Power distributors owe NBET N108bn in three months

Despite an increase in their collection efficiency, the remittance by electricity distribution companies to the Nigerian Bulk Electricity Trading Plc for the energy received by them dropped to 27.5 per cent in the third quarter of 2018 from 31.5 per cent in the previous quarter.

The latest quarterly report released by the Nigerian Electricity Regulatory Commission on Tuesday showed that the Discos failed to remit a total of N108.4bn to NBET in the third quarter.

The government-owned NBET buys electricity in bulk from generation companies through Power Purchase Agreements and sells to the Discos, which then supply to the consumers.

The report revealed that the collection efficiency of the Discos increased from 64.2 per cent in the second quarter to 65.5 per cent in the third quarter.

It said, “During the third quarter of 2018, the 11 Discos were issued a total invoice of N162.5bn for energy received from NBET and for service charge by the Market Operator, but only a sum of N54.1bn (33.3 per cent) was settled by the Discos, creating a significant deficit of N108.4bn in the market.”

NERC said only two of the Discos recorded an increase in remittance performance in the third quarter, adding that none of them remitted up to 50 per cent of their market invoices.

The report showed that Ikeja Disco recorded the highest remittance efficiency (43 per cent), followed by Eko Disco with 42 per cent.

It said Kaduna Disco recorded the worst remittance performance of 10 per cent, followed by Jos Disco (11 per cent).

The regulator said, “Of particular concern is the significant drop in Kaduna Disco’s remittance rate from 21 per cent in the second quarter to just 10 per cent in the third quarter. The commission is currently reviewing the viability of the Discos (Kaduna and Jos) as a going concern.”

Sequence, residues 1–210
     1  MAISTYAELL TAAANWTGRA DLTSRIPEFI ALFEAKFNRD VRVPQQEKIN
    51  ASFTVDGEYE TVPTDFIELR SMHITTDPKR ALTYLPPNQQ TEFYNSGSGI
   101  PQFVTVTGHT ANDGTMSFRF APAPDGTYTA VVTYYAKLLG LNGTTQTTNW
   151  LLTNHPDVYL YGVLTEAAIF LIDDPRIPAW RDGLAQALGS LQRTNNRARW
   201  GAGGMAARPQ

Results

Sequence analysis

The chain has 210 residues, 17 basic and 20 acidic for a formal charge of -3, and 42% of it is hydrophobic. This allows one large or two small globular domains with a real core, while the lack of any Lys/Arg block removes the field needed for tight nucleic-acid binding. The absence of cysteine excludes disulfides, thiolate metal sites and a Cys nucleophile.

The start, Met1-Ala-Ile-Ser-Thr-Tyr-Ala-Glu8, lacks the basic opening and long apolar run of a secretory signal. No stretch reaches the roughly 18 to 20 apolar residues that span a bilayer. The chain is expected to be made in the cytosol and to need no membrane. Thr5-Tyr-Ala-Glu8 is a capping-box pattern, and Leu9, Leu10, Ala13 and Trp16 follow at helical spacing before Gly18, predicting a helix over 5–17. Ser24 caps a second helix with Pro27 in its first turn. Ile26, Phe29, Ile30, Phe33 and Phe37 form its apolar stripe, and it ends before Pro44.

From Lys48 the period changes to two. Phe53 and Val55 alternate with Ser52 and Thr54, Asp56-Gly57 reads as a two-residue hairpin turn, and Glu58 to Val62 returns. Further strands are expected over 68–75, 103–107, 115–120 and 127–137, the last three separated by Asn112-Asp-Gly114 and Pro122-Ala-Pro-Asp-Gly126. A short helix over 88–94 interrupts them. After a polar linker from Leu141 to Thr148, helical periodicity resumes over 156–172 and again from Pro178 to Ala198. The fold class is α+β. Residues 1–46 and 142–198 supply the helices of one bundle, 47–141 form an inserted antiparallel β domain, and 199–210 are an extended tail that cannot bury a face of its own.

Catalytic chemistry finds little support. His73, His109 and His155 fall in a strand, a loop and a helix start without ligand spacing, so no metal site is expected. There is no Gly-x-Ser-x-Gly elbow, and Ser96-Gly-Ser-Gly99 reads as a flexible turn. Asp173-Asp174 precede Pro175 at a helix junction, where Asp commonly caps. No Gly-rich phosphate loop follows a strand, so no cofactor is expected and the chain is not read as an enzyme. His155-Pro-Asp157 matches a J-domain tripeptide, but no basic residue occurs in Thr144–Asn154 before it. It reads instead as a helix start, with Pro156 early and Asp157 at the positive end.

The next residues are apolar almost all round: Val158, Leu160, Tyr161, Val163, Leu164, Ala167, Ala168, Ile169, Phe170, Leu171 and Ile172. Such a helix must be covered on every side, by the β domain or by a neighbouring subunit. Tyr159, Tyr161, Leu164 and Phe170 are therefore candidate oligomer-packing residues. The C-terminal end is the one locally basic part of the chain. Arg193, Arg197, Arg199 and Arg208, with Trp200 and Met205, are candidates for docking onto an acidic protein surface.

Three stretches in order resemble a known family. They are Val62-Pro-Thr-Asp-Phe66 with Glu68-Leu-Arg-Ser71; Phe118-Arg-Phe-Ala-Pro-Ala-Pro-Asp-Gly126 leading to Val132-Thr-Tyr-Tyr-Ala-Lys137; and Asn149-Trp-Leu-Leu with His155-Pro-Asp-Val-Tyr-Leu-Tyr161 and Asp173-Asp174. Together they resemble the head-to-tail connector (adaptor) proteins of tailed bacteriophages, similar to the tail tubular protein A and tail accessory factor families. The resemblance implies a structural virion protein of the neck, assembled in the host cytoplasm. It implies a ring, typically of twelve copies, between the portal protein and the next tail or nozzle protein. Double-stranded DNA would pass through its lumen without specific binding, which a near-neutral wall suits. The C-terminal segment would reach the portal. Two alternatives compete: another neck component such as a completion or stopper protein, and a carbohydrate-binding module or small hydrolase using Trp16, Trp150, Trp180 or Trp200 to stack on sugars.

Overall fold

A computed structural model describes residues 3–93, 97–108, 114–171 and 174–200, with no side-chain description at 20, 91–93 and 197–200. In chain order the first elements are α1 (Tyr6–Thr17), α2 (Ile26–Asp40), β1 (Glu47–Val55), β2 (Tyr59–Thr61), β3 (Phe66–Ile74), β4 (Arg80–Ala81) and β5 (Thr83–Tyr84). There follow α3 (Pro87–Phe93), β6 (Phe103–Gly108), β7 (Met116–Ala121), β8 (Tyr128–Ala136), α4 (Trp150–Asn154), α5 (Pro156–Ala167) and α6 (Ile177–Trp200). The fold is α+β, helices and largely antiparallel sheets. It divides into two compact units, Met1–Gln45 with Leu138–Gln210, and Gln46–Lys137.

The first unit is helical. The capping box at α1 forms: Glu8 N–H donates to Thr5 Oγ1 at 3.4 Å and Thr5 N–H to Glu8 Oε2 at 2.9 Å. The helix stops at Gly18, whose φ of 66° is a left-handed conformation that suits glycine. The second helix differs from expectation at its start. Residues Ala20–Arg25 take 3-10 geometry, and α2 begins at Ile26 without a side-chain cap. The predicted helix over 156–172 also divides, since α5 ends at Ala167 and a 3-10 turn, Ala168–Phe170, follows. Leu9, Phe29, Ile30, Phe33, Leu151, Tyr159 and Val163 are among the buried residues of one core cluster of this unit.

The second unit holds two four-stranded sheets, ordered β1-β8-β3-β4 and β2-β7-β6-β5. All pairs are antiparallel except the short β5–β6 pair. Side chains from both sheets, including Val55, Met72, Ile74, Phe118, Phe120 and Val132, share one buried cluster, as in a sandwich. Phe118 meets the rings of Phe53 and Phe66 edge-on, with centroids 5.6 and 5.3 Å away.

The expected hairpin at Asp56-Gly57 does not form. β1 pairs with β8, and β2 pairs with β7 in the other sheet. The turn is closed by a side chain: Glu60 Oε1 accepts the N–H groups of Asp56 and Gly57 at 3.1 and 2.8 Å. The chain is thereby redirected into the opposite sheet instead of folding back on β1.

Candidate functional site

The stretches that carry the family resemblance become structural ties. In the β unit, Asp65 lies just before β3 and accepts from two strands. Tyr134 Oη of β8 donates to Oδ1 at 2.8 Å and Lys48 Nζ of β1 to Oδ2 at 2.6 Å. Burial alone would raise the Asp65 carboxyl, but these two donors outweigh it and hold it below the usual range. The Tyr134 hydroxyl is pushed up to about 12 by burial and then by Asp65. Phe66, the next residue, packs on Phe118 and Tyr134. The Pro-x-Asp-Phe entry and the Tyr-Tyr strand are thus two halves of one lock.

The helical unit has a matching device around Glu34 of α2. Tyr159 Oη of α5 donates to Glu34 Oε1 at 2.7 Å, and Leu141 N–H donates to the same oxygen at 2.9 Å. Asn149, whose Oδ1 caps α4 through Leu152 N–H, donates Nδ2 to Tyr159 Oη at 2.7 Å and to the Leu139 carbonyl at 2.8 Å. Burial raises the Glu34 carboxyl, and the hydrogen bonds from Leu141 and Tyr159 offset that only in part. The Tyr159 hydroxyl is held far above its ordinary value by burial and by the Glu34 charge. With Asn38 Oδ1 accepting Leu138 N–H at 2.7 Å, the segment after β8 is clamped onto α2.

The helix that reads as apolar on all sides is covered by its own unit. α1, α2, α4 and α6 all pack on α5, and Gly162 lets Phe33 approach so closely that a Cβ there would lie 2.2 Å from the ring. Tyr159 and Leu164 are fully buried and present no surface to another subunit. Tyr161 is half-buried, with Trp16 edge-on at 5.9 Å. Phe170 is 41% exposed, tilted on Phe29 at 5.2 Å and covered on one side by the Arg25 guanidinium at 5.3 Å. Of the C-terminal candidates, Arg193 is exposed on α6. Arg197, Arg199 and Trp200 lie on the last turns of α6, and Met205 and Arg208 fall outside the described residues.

NERC said it scheduled a meeting with Kaduna Disco to discuss, as a prelude to asking them to submit their comprehensive strategy towards addressing their operational challenges.

“A similar meeting has been held with Jos Disco to review their performances,” it added.

The regulator said while the low remittance by the Discos to NBET and the MO was partly due to tariff shortfall, the Discos must improve on their technical and commercial efficiencies for improvements on the payment obligation to the market, thereby improving sector liquidity.

“A major initiative towards improving revenue collection in the electricity industry is the provision of meters to all registered end-use consumers of electricity,” it added.

According to the report, the challenge of poor remittance has remained a serious concern to the commission as it is one of the main causes of the liquidity crisis facing the Nigerian electricity supply industry.

It said, “Low remittance adversely affects the ability of NBET to honour its obligations to Gencos while service providers (Transmission Service Provider, MO and NERC) struggle with the paucity of funds impacting their capacity to perform their statutory obligations.

“To address the poor remittance by Discos, the commission has commenced enforcement actions against Discos found to have engaged in unacceptably low remittances to NBET and the MO, factoring in all the parameters embedded in the tariff model.

“In this regard, the commission is finalising a framework which ensures transparency and equity in the disbursement of market funds for the benefit of all participants in the industry.”

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